What could possibly go sideways in the Philippines? A couple of things that come to mind are medical problems and legal problems.

Is a nest egg important when living in the Philippines

Is a nest egg important when living in the Philippines

Medical Expenses

Medical problems are inevitable. At some point everyone has medical problems until they die, then no more medical problems. In the Philippines, if a foreigner has Filipino relatives which most do since most have a Filipino spouse, then the medical problems of the family can also become the foreigner’s financial problem. Things can happen like your wife’s mother getting a disease or a family member falling: off the top of a jeepney, from a scooter while not wearing a helmet, or from a coconut tree while climbing to get coconuts. The possibilities are endless and medical problems should not be a surprise, so an emergency fund is of crucial importance.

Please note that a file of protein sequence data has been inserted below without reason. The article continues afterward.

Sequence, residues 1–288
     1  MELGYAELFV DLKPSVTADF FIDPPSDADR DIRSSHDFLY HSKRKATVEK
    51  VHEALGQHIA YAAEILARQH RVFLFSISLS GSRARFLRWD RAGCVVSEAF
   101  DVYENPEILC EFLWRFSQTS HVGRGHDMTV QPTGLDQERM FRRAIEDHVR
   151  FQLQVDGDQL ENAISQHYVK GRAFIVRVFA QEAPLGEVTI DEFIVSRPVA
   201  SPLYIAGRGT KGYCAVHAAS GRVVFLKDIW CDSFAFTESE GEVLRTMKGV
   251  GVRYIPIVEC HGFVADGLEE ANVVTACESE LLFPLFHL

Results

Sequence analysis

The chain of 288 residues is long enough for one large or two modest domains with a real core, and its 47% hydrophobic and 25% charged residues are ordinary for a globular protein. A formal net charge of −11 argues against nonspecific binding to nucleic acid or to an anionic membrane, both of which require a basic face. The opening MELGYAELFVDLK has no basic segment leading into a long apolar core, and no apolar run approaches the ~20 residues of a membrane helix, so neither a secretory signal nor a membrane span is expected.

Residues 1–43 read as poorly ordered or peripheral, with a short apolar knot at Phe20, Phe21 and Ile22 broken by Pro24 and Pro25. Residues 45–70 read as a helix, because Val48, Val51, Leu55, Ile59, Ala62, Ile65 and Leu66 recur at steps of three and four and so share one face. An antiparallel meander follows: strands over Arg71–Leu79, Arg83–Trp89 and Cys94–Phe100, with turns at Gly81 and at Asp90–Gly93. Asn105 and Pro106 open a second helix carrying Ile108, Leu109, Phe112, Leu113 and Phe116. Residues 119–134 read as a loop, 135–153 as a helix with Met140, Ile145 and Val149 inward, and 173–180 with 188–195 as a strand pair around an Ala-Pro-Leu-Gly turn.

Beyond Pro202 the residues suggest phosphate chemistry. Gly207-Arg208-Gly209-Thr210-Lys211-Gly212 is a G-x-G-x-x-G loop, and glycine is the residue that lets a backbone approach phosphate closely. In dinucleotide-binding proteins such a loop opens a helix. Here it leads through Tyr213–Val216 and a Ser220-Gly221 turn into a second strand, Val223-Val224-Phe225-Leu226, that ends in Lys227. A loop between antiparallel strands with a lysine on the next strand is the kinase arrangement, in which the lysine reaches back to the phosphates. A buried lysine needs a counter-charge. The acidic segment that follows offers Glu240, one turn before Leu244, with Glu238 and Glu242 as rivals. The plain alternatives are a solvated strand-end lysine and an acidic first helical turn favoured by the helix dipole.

Jeepney surfing could lead to medical expenses

Jeepney surfing could lead to medical expenses

Legal Expenses

I do not think legal problems are as inevitable as medical problems and I believe prudent steps can be made to avoid them, but I do think they are possible and having an emergency fund to be prepared for them is a really good idea. Possible situations include an accident where you are blamed rightly or wrongly, a claim of paternity, the need for an annulment of a significant other, property disputes, problems with immigration, property disputes, etc.

If you think I am not the best-qualified person to write this article, then I 100% agree with you. Many readers of this site are more qualified than me. The owner/editor is way more qualified to write about this, so I am counting on you, the more qualified reader to correct me if I am wrong in the comment section.